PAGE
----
Whole Number thinking
 Caitlin is in Year 5 and has recently been introduced to decimal notation. She is treating the decimal part of the number as another (whole) number. For example, the number after 4.9 (4 wholes and 9 parts) is 4.10 (4 wholes and 10 parts). If the predominant discussion in the classroom is with decimals of equal length, her wrong belief is not challenged, and may continue to secondary school. Whole number thinking is one of the longer-is-larger misconceptions.
Look at Caitlin's answers to the Decimal Comparison Test. (You can double-click on the yellow notes for her reasons.)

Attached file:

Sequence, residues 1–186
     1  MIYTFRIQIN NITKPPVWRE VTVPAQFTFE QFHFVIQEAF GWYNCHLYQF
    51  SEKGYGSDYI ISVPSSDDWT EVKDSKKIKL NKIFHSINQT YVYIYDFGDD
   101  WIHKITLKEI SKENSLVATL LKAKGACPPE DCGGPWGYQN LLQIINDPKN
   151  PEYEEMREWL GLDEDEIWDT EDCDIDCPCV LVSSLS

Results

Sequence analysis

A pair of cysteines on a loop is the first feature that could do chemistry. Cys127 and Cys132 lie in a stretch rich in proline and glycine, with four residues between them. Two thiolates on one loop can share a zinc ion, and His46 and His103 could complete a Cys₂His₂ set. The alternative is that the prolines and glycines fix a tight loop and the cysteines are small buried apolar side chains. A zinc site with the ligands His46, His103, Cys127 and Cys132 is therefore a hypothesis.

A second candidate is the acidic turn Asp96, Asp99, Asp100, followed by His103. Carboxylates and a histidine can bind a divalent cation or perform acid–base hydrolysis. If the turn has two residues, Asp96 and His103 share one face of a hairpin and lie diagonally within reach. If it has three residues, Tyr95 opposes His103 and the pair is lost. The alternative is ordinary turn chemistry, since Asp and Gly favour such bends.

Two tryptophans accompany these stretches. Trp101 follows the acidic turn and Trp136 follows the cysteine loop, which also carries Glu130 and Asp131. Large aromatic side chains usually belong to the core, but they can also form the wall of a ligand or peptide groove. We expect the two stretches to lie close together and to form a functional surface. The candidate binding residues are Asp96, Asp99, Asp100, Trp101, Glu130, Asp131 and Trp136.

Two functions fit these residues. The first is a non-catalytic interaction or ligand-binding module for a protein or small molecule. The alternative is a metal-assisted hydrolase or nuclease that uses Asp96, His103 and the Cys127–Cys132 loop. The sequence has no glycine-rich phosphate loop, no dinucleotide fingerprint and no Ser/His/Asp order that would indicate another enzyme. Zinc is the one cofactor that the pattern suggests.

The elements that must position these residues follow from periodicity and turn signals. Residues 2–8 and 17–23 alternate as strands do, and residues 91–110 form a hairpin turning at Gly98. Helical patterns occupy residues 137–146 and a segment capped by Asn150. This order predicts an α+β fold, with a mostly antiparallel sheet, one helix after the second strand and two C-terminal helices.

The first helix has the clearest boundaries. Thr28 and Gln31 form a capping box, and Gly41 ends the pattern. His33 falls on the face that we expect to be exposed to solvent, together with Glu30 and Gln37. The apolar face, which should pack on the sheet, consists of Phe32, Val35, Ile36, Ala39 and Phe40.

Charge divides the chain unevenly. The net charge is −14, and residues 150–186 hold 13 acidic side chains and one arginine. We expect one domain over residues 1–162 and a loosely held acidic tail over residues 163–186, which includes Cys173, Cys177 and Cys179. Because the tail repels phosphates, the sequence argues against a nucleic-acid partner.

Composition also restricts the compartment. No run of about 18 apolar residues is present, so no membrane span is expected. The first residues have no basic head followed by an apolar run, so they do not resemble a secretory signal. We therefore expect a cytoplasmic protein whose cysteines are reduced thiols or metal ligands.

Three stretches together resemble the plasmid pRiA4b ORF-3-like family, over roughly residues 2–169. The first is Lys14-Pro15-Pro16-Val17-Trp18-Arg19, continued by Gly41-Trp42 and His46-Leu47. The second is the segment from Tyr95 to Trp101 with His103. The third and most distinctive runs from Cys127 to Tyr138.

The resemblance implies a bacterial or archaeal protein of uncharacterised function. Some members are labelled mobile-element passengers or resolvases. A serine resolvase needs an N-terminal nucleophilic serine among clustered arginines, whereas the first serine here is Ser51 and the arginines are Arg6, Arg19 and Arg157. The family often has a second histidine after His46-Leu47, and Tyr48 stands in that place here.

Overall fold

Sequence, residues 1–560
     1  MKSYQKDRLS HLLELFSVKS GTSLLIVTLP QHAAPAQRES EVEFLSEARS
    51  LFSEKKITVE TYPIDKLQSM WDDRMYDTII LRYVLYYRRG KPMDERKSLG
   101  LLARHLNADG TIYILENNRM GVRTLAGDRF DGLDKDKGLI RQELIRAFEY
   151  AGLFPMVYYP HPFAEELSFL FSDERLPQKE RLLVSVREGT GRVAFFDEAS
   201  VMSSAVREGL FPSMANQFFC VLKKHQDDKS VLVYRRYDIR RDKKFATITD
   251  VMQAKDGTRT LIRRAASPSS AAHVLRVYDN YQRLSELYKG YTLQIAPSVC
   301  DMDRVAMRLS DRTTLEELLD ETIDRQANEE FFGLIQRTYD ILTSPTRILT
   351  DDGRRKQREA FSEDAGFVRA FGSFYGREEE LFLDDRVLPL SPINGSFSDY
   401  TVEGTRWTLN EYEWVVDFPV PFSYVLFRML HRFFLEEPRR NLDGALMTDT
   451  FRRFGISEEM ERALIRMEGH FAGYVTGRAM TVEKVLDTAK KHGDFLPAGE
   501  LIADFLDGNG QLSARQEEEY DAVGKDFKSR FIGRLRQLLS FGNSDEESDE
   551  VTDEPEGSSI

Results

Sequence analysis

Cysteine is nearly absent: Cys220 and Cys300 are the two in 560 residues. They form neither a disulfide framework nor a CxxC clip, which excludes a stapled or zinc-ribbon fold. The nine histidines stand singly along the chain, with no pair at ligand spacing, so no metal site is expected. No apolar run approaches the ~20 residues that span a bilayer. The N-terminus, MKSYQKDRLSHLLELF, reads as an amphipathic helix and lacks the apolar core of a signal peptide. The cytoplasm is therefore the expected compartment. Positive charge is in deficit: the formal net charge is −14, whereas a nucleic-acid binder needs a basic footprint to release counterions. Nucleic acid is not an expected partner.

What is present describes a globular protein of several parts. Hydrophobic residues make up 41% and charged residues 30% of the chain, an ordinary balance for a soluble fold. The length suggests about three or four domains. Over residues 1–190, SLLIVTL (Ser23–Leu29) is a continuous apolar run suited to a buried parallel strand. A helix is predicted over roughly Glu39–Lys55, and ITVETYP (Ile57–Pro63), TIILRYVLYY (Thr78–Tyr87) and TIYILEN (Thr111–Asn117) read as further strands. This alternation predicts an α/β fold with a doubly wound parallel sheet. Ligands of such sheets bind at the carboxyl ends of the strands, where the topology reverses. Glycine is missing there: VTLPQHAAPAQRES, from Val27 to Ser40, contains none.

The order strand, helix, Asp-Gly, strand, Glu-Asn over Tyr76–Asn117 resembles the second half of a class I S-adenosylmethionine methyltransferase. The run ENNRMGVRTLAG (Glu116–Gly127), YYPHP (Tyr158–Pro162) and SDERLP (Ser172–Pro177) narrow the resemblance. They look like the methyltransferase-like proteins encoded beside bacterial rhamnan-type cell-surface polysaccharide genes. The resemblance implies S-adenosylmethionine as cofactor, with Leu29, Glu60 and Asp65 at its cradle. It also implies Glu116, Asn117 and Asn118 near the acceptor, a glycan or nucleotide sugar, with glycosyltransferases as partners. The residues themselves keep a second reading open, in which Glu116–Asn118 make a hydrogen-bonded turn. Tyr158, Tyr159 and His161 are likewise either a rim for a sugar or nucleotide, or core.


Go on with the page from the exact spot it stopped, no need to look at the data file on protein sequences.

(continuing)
Interviews with Caitlin
 Talking About Place Value Video Images with text Making the Biggest and Smallest Numbers Video Images with text Number Between Video Images with text Hidden Numbers Video Images with text
See how Caitlin would count from 1 to 2 with decimals and compare with other students.
Attempt a short decimal comparison test to check your understanding of Caitlin's thinking. This will help you learn to diagnose this error.
Lesson ideas appropriate for students like Caitlin.
Research on our Australian sample shows that the percentage of students diagnosed with whole number thinking decreases from about 35% in Years 4 to about 3% of Year 10 students. A full description of whole number thinking.